Based on previous studies suggesting that increasing Hsp70 levels leads to increased binding to tau (14), we explored whether high levels of Hsp70 would affect the efficacy of Hsp70 ATPase modulators. Cells overexpressing Hsp70 were treated with inhibitors and we found that increased efficacy when Hsp70 levels were increased. We had similar results from a study using the Hsp70-inducing compound, celastrol (25). Since then, we have demonstrated a similar phenomenon with Hsp70 ATPase activators. Indeed, Hsp70 overexpression increased efficacy of Hsp70 ATPase activators for increasing tau levels (Figure 2). Taken together these studies clearly suggest that by increasing the amount of Hsp70, the number of Hsp70/tau complexes also increases, at which point modulation of Hsp70 ATPase function may become more efficacious.

Figure 2
Increasing Hsp70 levels enhances the Hsp70 activator drug efficacy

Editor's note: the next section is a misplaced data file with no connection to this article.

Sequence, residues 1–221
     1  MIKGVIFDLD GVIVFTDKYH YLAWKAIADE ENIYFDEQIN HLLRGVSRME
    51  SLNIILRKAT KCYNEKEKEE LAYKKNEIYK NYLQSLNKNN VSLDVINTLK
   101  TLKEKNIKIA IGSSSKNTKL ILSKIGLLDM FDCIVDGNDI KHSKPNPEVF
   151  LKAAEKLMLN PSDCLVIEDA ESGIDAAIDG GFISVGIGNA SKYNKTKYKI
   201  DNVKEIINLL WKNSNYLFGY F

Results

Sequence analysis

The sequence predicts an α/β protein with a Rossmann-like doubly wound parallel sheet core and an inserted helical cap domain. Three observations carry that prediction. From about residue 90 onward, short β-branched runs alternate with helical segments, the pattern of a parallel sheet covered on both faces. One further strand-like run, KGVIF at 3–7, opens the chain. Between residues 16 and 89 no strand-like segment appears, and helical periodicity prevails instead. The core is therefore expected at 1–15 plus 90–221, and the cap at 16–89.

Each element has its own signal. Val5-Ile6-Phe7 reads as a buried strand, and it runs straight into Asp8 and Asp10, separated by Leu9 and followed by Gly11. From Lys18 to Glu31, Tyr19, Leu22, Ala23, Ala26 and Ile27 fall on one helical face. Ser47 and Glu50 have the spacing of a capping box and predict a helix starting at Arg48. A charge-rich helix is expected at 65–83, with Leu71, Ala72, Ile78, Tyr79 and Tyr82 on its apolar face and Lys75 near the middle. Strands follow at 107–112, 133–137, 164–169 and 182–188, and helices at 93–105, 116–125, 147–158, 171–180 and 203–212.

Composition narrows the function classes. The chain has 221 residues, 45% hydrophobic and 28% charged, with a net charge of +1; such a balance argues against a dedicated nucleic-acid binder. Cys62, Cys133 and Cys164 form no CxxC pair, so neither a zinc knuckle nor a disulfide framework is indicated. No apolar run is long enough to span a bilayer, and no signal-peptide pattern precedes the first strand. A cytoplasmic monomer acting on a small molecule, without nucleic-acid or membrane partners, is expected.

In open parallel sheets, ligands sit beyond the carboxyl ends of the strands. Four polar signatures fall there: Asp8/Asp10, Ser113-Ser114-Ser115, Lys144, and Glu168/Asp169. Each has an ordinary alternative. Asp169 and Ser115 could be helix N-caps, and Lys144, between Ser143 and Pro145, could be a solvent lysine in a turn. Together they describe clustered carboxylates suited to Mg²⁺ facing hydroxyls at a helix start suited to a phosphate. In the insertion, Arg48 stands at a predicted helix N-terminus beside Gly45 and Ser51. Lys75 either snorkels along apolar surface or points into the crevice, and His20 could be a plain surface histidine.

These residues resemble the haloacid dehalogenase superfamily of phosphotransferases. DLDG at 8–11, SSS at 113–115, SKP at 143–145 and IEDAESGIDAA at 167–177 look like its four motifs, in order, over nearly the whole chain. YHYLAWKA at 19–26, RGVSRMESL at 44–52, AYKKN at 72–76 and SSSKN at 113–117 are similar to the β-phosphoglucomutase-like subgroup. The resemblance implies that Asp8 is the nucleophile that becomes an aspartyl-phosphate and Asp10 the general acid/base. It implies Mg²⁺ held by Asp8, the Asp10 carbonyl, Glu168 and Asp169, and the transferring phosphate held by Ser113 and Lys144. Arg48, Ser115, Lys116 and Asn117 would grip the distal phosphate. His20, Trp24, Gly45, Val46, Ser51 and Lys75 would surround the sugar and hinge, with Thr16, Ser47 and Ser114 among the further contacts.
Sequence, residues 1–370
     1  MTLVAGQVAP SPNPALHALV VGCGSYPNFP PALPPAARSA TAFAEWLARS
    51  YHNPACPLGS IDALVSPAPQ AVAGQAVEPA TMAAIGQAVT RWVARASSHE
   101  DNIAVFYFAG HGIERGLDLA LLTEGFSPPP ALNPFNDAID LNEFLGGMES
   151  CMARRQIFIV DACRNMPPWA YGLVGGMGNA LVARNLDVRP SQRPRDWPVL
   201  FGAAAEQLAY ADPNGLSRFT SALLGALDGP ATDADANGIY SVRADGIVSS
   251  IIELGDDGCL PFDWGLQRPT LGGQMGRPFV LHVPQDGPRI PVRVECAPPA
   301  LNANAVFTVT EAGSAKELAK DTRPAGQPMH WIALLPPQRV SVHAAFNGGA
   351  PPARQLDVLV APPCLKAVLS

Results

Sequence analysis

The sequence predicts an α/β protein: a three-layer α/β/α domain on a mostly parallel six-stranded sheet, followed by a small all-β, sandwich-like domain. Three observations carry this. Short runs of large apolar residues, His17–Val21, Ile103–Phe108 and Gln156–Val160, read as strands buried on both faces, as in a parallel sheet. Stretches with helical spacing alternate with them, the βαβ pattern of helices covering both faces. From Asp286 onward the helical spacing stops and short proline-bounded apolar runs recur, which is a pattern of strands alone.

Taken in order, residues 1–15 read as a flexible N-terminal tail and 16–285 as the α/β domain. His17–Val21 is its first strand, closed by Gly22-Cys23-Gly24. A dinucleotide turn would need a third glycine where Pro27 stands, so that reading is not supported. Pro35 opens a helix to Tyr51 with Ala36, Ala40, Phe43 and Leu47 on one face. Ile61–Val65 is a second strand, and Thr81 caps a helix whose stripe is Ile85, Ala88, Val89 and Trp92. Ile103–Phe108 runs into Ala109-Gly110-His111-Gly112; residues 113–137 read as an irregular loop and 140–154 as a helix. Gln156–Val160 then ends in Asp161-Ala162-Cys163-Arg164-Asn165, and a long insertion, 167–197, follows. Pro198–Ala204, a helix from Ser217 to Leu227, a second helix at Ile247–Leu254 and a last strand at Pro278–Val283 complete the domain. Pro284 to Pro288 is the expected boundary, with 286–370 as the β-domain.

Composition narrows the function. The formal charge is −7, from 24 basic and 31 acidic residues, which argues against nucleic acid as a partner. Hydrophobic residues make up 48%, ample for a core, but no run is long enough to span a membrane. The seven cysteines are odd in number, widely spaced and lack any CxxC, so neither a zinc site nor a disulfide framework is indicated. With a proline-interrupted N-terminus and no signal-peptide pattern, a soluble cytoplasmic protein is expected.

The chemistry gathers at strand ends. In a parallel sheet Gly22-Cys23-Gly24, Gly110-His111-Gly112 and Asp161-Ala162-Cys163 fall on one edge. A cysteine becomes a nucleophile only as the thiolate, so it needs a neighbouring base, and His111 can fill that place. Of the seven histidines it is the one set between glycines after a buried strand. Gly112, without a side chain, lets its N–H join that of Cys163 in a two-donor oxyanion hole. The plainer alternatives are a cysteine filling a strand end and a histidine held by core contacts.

Unlike Hsp90 inhibitors which induce expression of heat shock proteins (18, 26) we found that levels of heat shock proteins were not elevated following Hsp70 inhibition; in fact they were marginally decreased. Based on our data showing that as Hsp70 levels increase, so does Hsp70 ATPase modulator efficacy, perhaps combining Hsp90 with Hsp70 inhibition could be a highly effective drug regimen for treating AD. We speculated, however that Hsp70 inhibition may also be an effective treatment strategy for other related tau disorders. In this vein, Hsp70 inhibition showed significant and similar reduction in mutant tau species that are linked to amyloid-independent tauopathies, such as frontotemporal dementia with parkinsonism linked to chromosome 17 (FTDP17) or progressive supranuclear palsy (PSP). However, Hsp90 inhibitors were not effective against all mutant forms of tau. Thus, Hsp70 inhibition may be an effective strategy for any disease with some component of tau pathology.